Kemal Kilicdaroglu, the leader of Turkey’s second largest party and the traditional party of government throughout the 20th century, the secular Kemalist CHP, has announced his intentions of holding direct talks with the Syrian government in spite of the severing of relations between the government in Damascus and Ankara. The Republican People’s Party (CHP) is the Turkish Republic’s oldest political party, having been established by modern Turkey’s founder Ataturk in 1919.
The CHP has always expressed scepticism at President Erdogan’s ruling AK Party’s stance on the Syrian conflict, which until fairly late in 2017, was consistently in favour of pursuing the overthrow of the Syrian government. While Turkey quietly dropped any lingering ambitions of overthrowing the Syrian government in 2017 and has joined with Syrian allies Russia and Iran to from the Astana Group for peace in Syria, little movement in public has been made to reconcile the neighbouring states, although unverified reports have indicated that at a low-level, certain diplomats in Ankara and Damascus are communicating with one another.
In November of 2017, Erdogan hinted at normalisation of relations with Syria. In a non-committal but conciliatory statement, Erdogan said,
“Whatever happens tomorrow, it all depends on the circumstances. It is inexpedient to say ‘never’. The doors of politics are always open until the last moment”.
In other words, the door to official rapprochement remains open on the part of Erdogan. Erdogan’s relationship with the opposition CHP has been incredibly fraught, with the CHP accusing Erodgan of corruption while Erdogan stands accused of working to undermine the secular Kemalist ideology which is implicit in the Turkish Constitution. However, a moment of reprieve has come in the form of Erdogan’s pivot away from an anti-Damascus position to one which revolves around the pacification of Kurdish terror groups operating in Syria. The CHP is staunchly opposed to the presence of PKK aligned YPG terrorists in Syria. Ironically, early in Erdogan’s Prime Ministerial career when he tried to engage in an accord with the PKK, it was the CHP who accused Erdogan of being soft on Kurdish terrorism.
With both the Turkish government and the CHP opposition openly indicating that they understand the YPG to be a common enemy of both Syria and Turkey, the opportunity for at least a private or low level rapprochement has increased dramatically vis-a-vis this time last year.
To understand how the CHP might play a role in fomenting an official governmental level rapprochement between Turkey and Syria, one must examine the early stages of the Russo-Turkish rapprochement of 2016.
In November of 2015, Turkey shot down a Russian Fighter Jet which Ankara claimed violated Turkish airspace even though Russia denied this. Furthermore, most international observers agreed that even if the Russian jet violated Turkish airspace for a matter of seconds, Ankara’s reaction was cruel and disproportional. As a result, many justifiably enraged Russians called for war, even though privately the Russian and Turkish leadership agreed to avoid this kind of escalation. Nevertheless, Russia severely downgraded relations with Turkey.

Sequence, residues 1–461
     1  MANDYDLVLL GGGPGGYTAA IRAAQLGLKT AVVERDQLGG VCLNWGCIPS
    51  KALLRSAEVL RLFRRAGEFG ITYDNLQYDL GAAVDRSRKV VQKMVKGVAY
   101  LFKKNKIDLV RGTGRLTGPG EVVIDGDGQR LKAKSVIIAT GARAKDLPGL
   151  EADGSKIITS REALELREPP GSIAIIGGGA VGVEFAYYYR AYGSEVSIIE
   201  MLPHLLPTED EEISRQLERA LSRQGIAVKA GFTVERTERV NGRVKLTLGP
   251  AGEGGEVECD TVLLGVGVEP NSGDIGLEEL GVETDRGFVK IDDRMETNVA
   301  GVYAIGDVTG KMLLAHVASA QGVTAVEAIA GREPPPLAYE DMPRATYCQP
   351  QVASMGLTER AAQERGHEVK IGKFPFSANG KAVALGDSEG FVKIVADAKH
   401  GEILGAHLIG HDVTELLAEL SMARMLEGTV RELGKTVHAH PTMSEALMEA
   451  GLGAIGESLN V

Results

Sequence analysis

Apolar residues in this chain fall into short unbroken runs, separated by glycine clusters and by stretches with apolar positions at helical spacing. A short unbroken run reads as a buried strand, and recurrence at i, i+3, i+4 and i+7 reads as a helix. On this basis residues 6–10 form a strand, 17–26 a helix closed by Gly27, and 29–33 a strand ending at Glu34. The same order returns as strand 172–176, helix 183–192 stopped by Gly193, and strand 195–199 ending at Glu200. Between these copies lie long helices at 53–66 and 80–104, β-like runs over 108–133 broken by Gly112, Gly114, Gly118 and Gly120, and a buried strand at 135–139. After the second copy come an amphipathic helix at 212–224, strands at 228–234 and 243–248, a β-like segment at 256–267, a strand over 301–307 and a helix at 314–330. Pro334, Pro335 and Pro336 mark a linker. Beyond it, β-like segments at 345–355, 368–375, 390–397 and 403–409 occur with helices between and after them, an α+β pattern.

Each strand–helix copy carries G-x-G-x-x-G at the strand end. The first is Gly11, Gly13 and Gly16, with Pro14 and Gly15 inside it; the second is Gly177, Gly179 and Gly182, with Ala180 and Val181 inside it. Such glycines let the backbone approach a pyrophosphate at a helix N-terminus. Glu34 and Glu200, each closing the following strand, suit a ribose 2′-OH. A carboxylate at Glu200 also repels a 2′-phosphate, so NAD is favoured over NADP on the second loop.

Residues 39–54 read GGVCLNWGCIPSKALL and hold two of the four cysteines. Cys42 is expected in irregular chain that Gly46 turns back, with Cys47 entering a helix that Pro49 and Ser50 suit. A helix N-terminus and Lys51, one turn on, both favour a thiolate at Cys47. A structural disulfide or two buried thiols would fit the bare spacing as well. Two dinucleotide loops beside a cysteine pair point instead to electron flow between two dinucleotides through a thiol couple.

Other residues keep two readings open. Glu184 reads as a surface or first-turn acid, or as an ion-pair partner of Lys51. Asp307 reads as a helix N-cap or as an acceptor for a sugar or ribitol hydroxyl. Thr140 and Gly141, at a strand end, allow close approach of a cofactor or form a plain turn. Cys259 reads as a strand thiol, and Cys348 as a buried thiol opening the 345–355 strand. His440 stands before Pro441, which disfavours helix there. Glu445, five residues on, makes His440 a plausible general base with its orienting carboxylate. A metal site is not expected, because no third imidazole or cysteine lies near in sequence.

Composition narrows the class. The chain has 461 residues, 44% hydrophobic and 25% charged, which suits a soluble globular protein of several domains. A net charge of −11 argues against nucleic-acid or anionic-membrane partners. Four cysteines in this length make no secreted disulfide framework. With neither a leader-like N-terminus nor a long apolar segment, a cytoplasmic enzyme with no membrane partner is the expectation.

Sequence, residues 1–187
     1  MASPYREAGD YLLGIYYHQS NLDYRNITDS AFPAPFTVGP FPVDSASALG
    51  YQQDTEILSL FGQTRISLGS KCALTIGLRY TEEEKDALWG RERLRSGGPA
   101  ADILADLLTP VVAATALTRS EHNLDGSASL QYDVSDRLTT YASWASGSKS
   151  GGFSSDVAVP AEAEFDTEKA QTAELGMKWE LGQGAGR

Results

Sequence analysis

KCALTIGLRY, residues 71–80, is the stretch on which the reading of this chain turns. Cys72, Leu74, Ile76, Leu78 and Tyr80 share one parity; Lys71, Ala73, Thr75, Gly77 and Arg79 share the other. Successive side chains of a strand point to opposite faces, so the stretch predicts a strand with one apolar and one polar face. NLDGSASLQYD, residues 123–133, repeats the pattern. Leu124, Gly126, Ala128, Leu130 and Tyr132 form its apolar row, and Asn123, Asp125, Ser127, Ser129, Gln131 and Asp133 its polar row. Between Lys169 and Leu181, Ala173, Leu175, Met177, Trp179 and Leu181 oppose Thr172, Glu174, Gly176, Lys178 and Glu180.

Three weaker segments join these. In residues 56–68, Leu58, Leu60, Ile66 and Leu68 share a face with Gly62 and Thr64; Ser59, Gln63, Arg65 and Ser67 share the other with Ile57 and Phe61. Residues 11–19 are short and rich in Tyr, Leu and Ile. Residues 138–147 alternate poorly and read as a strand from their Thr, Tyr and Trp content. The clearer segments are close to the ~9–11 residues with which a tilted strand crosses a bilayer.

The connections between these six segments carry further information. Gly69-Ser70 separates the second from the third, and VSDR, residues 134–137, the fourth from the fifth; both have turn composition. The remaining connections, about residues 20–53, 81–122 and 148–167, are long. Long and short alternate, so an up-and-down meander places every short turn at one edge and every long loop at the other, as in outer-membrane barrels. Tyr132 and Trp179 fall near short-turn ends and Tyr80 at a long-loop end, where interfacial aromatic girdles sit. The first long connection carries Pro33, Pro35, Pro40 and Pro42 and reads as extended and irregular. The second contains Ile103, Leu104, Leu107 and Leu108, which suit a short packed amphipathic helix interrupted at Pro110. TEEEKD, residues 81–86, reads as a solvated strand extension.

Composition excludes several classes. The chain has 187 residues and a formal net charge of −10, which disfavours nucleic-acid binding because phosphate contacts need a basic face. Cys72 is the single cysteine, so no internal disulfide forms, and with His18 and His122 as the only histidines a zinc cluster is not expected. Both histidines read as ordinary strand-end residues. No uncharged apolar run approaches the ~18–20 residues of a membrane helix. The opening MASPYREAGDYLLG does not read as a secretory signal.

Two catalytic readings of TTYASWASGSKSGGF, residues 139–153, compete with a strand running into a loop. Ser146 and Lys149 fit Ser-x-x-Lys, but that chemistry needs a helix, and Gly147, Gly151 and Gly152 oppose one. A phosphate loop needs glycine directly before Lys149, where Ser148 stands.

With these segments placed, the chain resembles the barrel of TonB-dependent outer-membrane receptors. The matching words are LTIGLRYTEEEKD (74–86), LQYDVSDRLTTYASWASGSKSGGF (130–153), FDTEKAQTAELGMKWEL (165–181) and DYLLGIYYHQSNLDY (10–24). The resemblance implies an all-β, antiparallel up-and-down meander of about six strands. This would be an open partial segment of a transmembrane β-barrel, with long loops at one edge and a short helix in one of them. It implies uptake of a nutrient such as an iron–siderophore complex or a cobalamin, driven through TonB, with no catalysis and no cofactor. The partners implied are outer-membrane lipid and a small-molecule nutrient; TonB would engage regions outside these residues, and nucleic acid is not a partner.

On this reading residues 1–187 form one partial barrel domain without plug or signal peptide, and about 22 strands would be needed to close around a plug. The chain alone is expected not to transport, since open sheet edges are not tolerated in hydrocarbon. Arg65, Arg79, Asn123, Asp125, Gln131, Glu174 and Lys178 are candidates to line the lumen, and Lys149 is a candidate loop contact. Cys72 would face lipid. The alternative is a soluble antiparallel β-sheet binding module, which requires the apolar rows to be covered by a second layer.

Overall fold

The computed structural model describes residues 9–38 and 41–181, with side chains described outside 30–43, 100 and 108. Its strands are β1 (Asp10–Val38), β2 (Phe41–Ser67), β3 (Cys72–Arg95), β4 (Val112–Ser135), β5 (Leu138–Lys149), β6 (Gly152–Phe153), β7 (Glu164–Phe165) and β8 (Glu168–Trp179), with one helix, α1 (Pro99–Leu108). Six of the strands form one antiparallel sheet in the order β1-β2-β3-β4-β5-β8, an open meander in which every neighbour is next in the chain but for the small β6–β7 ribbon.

In November of 2016, only months after Turkey and Russia agreed to explore the possibility of re-establishing normal relations, the leader of the popular and influential Liberal Democratic Party of Russia, Vladimir Zhirinovsky went on a good will mission to Turkey. During his visit, the Turkish speaking Zhirinovsky held public meetings with major officials, as well has conducting a private meeting with President Erodgan.
Zhirinovsky who is an expert in Turkish history and politics was widely thought to be testing the waters in order to see how deep and wide a full Russo-Turkish rapprochement could be. Turkey may well want to do something similar with a CHP delegation to Syria, even is it is only minor CHP officials who travel to Damascus rather than the party leader. This way, if little progress is made, Turkey can blame a ‘rogue’ opposition for acting in an unofficial capacity, but if the meetings are productive, it could lead to the kind of full rapprochement reminiscent to that which transpired between Moscow and Ankara which fomented in the months subsequent to Zhirinovsky’s visit to Turkey. While the ruling AK Party and the CHP have a far more hostile relationship with one another than the Russian government has with Zhirinovsky’s opposition LDPR, this does not prohibit the potential for a similar situation to be attempted.
The recent statement by CHP head Kemal Kilicdaroglu gives hope that such a thing might soon happen. Kilicdaroglu has been quoted as saying, “We are now considering and discussing the topic, of whether to go or not to go to Syria. But we want a channel for contacts with the central leadership to be opened”. He further said,
“If peace is ensured between Turkey and Syria in the near future, if rapprochement starts and dialogue on the issue of territorial integrity begin, it will be possible only by a direct meeting of Turkey and Syria, without any intermediaries”.
The clear implication of this statement is that while it is almost certain that Turkey and Syria connect with one another via Russia and Iran, a lasting peace can only be achieved if Damascus and Ankara are able to speak directly. As neighbouring states who prior to 2011 had fully normal and even healthy relations, it is in the interest of both countries to take a realistic approach to rapprochement, even if it means hiding the details of such a rapprochement from a Syrian public who remain hateful of Turkey’s invasion in 2015, as well as a Turkish public who remain partly bewitched by anti-Syrian propaganda.